In addition, a provision that is part of the Memorandum on Mutual Understanding on a Trans-Caspian Gas Pipeline Turkmenistan signed with Turkey in December 1997 is another obstacle to the trans-Caspian gas pipeline. It says that the latter cannot be started until the legal status of the Caspian Sea is determined and the disputes with Azerbaijan about shelf oil and gas fields are resolved.3 This has not happened yet.

Naturally enough, in this situation Ashghabad never lost sight of the trans-Afghanistan option and was actively flirting with the Taliban. In his analysis of these processes political scientist Murad Esenov has written: “The Turkmenistan leadership immediately established contacts with the leadership of the Taliban, an obscure movement of the time (the fall of 1994.—S.K.)—in fact, Pakistan and Turkmenistan were the Taliban’s only foreign partners as of the moment it was formed… The subsequent course of events showed exactly why Turkmenistan and Pakistan were so interested in the Taliban’s expanding its presence on Afghan territory. On 27 October, 1997, President Saparmurad Niyazov signed a protocol with the head of the U.S. oil company Unocal granting the latter exclusive rights to set up a consortium to build a Turkmenistan-Afghanistan-Pakistan gas pipeline.”4

During the period the Taliban remained in power Ashghabad was sticking to this foreign-policy course. Despite the decision of the U.N. Security Council to tighten the anti-Taliban sanctions Niyazov continued insisting on his “special” position. During the January 2001 visit of NATO General Secretary George Robertson to Turkmenistan the country’s leader was quite amazed to learn that the majority of the European states are increasingly concerned with the mounting wave of Islamic radicalism coming from Afghanistan. Niyazov was convinced that this concern was unfounded—he was stubbornly using the term “the Afghan nation” and refused to distinguish between the common people and the true culprits of the continued crisis and those who presented serious threat to many countries, and Turkmenistan among them, as carriers of Islamic extremism.

Ashghabad was obviously trying to conceal from the world community that it was maintaining close ties with the Taliban thus ensuring the security of its 840-km long border with Afghanistan and earning (as some experts believed) no less than $100 million a year by trading with it.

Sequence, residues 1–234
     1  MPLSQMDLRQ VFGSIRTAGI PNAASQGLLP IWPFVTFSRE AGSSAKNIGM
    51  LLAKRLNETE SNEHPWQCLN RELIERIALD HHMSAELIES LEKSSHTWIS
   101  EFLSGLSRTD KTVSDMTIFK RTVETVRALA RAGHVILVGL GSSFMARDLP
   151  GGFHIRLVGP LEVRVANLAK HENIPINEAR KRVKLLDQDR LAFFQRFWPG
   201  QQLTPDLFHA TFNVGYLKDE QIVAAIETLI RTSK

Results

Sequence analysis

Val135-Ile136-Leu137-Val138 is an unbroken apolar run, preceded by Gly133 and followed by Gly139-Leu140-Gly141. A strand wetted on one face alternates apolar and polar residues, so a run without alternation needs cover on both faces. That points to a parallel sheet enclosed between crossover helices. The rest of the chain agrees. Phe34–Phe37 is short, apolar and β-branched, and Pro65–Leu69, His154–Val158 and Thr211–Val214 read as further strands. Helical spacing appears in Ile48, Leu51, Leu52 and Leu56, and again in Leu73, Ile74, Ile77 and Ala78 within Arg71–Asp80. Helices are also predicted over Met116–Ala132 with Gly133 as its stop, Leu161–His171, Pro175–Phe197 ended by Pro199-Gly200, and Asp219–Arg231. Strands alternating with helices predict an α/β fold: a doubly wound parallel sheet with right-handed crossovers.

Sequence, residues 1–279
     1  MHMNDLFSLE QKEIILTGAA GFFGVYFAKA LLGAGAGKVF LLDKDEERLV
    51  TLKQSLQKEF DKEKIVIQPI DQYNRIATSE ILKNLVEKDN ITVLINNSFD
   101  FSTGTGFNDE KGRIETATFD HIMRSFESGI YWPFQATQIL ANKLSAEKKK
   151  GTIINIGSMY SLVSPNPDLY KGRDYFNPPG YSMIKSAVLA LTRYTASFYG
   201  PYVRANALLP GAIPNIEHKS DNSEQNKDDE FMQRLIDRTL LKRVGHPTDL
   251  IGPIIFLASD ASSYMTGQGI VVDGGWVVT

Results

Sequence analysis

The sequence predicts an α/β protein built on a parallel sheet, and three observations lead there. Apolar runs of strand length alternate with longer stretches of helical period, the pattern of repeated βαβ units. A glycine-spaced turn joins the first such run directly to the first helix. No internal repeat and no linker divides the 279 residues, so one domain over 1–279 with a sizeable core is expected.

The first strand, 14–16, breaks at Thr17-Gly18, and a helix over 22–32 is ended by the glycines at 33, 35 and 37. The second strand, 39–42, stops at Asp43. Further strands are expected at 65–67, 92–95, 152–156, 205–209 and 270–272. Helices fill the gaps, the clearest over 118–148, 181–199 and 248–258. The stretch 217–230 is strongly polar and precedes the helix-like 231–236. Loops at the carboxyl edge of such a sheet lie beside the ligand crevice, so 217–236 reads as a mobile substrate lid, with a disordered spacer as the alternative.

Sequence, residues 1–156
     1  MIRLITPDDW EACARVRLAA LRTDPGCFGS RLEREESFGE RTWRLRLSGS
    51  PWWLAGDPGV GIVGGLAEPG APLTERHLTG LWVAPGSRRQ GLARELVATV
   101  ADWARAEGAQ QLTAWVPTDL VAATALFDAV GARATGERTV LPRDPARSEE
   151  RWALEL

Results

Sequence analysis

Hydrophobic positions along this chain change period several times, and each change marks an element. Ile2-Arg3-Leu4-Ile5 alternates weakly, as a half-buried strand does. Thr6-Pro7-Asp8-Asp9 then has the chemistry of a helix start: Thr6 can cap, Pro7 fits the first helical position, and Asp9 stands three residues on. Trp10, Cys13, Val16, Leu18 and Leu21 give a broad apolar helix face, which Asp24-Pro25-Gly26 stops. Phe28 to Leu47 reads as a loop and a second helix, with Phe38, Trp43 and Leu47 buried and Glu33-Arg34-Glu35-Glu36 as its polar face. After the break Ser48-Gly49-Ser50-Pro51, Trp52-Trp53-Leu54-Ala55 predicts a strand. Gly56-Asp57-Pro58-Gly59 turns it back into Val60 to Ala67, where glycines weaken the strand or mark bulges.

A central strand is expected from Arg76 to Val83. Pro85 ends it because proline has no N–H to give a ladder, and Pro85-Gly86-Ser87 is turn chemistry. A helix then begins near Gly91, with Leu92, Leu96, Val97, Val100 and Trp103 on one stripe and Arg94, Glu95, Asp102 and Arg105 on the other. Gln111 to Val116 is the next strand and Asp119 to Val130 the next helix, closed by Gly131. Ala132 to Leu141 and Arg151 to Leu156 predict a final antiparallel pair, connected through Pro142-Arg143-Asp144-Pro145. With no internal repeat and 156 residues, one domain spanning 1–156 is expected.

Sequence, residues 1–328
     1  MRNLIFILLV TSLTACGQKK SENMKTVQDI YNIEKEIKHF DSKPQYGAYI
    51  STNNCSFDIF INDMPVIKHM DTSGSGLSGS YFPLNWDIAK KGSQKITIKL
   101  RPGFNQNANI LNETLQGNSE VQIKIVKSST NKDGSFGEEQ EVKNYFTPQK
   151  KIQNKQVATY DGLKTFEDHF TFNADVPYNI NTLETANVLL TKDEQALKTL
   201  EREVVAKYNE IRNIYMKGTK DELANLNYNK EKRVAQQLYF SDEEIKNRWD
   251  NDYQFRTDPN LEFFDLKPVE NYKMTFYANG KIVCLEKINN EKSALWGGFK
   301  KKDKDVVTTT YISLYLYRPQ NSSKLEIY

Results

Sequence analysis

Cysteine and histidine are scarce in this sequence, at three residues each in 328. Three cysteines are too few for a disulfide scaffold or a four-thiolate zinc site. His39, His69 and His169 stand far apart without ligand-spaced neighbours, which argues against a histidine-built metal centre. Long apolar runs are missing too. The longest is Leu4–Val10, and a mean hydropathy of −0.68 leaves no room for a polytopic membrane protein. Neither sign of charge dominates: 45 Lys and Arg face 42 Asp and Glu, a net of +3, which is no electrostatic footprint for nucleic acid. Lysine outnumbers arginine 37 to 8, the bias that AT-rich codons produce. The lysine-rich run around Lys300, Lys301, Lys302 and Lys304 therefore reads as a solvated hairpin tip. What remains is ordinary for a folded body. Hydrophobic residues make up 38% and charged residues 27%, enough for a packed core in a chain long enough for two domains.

Despite the U.N.-imposed sanctions Turkmenistan was selling the Taliban fuel, greases and lubricants, construction materials, consumer goods, and other commodities through intermediaries. Turkmenistan did not cut down its aid to the Taliban in accordance with what the U.N. demanded. It kept secret its economic and political ties with the Taliban; in 2001 the Committee for National Security and the Foreign Ministry of Turkmenistan tightened the procedure of drawing up documents for foreign diplomats and international officials wishing to visit the areas along the border with Afghanistan. The new rules related, in the first place, to the towns of Kushka, Kerki, and Tahta-Bazar through which Turkmenistan was trading with the Taliban.

At the same time, it is wrong to exercise a one-sided approach when discussing Ashghabad’s foreign-policy course and insist that it supported the Taliban only to be able to lay a pipeline across its territory and earn money by trading with it. A rupture of the earlier more or less friendly relationships would have destabilized the situation along the border and on the territory of Turkmenistan. The country that has no efficient defense means could not afford this. Niyazov had to soberly assess the situation and compare potential advantages and disadvantages of a conflict with the neighbor. His foreign policy in relation to Afghanistan was aimed at explaining his Central Asian members (and probably other countries) that a dialog with the Taliban should be extended and that good-neighborly relations with it had their own advantages.

At the same time the rout of the Taliban was a positive rather than a negative event for Turkmenistan even if Niyazov’s pet idea—a gas pipeline across Afghanistan—was shelved for the time being. There are reasons to believe that in more favorable conditions some time in future the idea will be revived. After all, there was little hope that Western companies would invest in the country ruled by the Taliban despite certain steps made by Enron and Unocal.

Today the relations between Ashghabad and Kabul are limited to humanitarian aid from the former and the use of its territory to deliver it to Afghanistan. One cannot expect the gas pipeline project to go ahead while the hostilities are still going on in Afghanistan. (Experts believe that that they will go on for a long time.) One can expect that the contradictions inside the provisional administration of Hamid Karzai will mount. The United States is very cautious: so far only assistant state secretary Elisabeth Jones who visited Turkmenistan early in 2002 mentioned the project very vaguely during her talks with President Niyazov when she said that an interest of American companies in the project may revive.5 Stephen Mann, U.S. presidential advisor on the Caspian region, who visited Turkmenistan in May 2002, was equally evasive. He said that the United States was prepared to support any commercially reasonable project of a gas pipeline from Turkmenistan across Afghanistan to Pakistan.6 He did not make any specific statements about America’s readiness to participate in such project.